Why am I Against Energy Drinks for Kids?

Most of the press that I received after I sent last month’s newsletter from Build Healthy Kids® to elementary school children warning about the risks of too much liquid sugar in their diet and the potential danger of energy drinks in particular was positive.  I did however get some backlash about sticking my nose in a person’s first amendment rights.

This made me smile because for the last 20 years, on July 4th to be exact, I have fought about freedom of choice for our health.  I was asked to speak at a congressional hearing in the early 1990’s because the powers that be at that time didn’t think that the general public could handle having access to information regarding holistic medicine (known back then as alternative medicine). To make a long story short, I was given two weeks to live from a cancer diagnosis and I wanted to pursue holistic means. Getting access to solid information was tough and I am here almost 20 years later saying that it worked; my choice for how I wanted to heal worked.  Fast forward to today and I have the same urge and desire to bring information to the public so that they can make the best decision for themselves and their children.

The following 7 issues are why I want there to be an age limit established now in order to purchase energy drinks; especially while the FDA investigates the claims below further:

  1. The adverse events reported to the FDA that have allegedly been related to certain energy drinks. Here are some examples below or go to http://www.fda.gov/Food/NewsEvents/ucm328536.htm to look for yourself.
    1. Monster Energy Drink (2/4/04 to 10/11/12): abnormal heart rate, convulsion, 5 deaths and 4 heart attacks, 5 life threatening hospitalizations, another 15 hospitalizations
    2. Red Bull (1/29/04 to 5/4/12): cardiac disorder, abnormal heart rate, 1 heart attack, 2 life threatening visits to healthcare practitioner, plus 4 hospitalizations
    3. 5 Hour Energy (6/22/05 to 10/22/12): convulsions, abnormal heart rate, deafness, renal failure, 13 deaths and 11 heart attacks
    4. Rockstar (1/3/06 to 9/13/12): abnormal heart rate, disability from a stroke, nausea and vomiting
    5. The suspicious deaths surrounding energy drinks.  I personally was in touch with 4 parents whose children died after drinking anywhere from ½ can to 3 cans of energy drinks and they are certainly convinced these drinks had something to do with their child’s death.
      1. Brian (15y): 1 free sample of RedBull; died later that day
      2. Anais (14y): 1 Monster Energy Drink 2 days in a row; had a known minor heart condition; died several days later
      3. Drew (19y) a regular energy drink consumer; drank ½ can Nitrous Monster Energy Drink for the first time; died later that day
      4. Sara (16y): 3 pulses with alcohol; died later that night
      5. Sailor (17y): in coma for 5 days after drinking 2 large NOS drinks. He survived and wants kids to know “it is not worth the risk”.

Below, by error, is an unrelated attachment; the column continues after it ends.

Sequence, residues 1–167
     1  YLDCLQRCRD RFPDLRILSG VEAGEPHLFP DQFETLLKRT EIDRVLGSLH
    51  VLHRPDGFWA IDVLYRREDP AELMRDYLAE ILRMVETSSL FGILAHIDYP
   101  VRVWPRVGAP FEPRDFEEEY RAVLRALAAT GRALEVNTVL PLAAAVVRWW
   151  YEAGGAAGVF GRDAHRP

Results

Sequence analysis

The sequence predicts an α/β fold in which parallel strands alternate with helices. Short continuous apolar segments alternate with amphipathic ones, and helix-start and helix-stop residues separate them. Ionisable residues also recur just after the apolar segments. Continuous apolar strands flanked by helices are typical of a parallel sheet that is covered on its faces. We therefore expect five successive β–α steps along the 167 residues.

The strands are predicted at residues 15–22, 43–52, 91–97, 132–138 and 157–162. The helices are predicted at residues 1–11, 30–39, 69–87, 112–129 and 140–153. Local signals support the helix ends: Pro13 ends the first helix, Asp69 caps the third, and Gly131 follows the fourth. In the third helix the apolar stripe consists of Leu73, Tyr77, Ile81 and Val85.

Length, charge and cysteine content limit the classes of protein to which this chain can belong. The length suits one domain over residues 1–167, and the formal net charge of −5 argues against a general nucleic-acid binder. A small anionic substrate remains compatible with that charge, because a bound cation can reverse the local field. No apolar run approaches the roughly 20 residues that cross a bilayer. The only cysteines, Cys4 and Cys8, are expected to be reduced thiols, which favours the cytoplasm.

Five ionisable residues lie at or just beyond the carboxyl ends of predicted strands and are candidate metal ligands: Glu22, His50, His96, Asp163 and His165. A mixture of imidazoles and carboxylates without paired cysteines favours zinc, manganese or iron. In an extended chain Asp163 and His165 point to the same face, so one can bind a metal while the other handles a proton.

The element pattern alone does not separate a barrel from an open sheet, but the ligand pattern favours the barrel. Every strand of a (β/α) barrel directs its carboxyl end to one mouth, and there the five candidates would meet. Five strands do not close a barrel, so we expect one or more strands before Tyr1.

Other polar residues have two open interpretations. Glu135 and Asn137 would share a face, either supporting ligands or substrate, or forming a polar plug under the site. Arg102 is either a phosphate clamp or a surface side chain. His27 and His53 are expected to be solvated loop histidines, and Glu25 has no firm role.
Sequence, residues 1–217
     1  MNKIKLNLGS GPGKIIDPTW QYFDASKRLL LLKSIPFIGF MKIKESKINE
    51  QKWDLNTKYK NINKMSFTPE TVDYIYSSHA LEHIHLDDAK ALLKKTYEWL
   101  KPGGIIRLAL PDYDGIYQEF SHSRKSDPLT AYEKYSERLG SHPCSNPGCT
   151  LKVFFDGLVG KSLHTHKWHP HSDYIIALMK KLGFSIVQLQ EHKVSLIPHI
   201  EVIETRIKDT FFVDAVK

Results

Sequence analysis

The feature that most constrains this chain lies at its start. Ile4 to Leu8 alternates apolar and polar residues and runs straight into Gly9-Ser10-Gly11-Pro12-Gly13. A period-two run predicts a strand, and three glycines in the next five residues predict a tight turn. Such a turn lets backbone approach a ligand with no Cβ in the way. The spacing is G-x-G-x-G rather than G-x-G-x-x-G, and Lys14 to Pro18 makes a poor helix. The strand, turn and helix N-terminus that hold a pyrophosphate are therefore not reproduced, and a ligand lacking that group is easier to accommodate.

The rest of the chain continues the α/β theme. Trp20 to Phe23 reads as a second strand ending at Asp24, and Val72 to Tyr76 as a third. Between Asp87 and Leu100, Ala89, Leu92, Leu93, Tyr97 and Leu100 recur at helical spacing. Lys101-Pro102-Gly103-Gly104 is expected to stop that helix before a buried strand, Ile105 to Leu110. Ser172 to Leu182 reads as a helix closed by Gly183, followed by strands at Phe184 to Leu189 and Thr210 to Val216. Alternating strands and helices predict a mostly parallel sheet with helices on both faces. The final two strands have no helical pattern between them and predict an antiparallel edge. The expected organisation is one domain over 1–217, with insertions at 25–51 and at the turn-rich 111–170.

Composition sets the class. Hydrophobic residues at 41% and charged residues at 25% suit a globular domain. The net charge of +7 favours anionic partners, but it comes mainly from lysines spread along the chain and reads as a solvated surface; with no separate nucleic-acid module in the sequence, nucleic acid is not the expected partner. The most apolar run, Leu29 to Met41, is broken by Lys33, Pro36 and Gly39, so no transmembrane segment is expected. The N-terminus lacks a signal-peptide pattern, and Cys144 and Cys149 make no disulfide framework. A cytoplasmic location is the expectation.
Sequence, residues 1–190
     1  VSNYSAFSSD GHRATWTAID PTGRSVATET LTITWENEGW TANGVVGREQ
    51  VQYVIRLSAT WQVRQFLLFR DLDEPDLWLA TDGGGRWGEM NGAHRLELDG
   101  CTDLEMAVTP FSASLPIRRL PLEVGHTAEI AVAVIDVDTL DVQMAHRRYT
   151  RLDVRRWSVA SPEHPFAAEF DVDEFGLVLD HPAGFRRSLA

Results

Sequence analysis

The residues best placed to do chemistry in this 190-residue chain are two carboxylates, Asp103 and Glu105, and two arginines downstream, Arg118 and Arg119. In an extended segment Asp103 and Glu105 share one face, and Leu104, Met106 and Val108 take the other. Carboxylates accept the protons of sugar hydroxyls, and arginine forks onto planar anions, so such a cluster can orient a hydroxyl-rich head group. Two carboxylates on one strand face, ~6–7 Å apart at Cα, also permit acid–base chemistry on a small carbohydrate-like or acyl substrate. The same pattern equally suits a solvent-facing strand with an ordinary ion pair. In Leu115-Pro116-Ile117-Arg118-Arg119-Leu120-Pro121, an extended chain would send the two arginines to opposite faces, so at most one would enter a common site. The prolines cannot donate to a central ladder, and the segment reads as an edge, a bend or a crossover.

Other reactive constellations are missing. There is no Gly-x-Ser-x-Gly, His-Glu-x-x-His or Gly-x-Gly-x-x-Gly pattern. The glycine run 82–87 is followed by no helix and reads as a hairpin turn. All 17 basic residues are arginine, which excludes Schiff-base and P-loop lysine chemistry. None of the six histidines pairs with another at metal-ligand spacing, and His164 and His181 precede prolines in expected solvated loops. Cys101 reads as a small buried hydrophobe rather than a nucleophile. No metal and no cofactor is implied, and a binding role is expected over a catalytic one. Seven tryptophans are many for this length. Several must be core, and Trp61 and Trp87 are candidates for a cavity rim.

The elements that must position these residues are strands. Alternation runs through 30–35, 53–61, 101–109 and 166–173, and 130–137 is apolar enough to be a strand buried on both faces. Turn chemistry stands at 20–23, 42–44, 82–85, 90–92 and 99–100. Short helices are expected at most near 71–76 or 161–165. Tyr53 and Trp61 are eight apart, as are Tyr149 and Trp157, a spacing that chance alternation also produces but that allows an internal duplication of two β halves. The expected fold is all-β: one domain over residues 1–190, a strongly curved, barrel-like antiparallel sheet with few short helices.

6. The number of emergency department visits involving energy drinks doubled from 10,068 visits in 2007 to 20,783 visits in 2011. In 2011, more than half of energy drink-related ED visits involved energy drinks only (58 percent). (The DAWN Report)
      7. The FDA considers caffeine a drug, plus the amount of caffeine in these drinks is too high for kids. The daily maximum for caffeine is 100mg for teens or 2.5 mg/kg body weight, whichever is the lower amount.  Most drinks have a non-resealable top and thus they are often consumed per bottle not per serving. In each can there is more than the maximum amount allowed for children (160 mg in a 16oz can).  Soda is capped at 71 mg per 12 oz can, these energy drinks are not capped with the amount of caffeine that they can contain. Even the youngest are effected as a significant number of calls to poison control over energy drinks are for kids under 6 years of age.
      8. Young children can and are buying these drinks, as young as four and five according to my investigations.
      9. Our trusted experts that have nothing to gain financially have told kids to stay away from heavily caffeinated drinks. The official position of the American Academy of Pediatrics is “Energy drinks pose potential health risks because of the stimulants they contain, and should never be consumed by children or adolescents”. It really doesn’t get clearer than that. Do we need to say any more or pour millions of dollars into “proving” these drinks are harmful to kids?  I do not think so.
      10. What else besides caffeine that is in these drinks:
        1. Nitrous Oxide (Nitrous Monster drinks)
        2. Guarana: this is considered herbal speed in the holistic community. The caffeine in guarana is processed differently than the caffeine in coffee beans; it also has these 2 stimulants theophylline and theobromine which are chemicals similar to caffeine
        3. Panax Ginseng: is likely unsafe in children and infants; is not to be used with caffeine (Medline Plus from the National Institute of Health)
        4. Siberian Ginseng (Eleutherococcus Senticosus); might lower blood sugar and slow blood clotting (Medline Plus)
        5. Carnitine: newest research suggests it may increase risk of heart disease (NY Times 4/8/13)
        6. Taurine: an amino acid thought to enhance caffeine’s effect; it has similar effects on heart muscle contractions as caffeine. Not studied sufficiently in the amounts present in energy drinks, especially in children.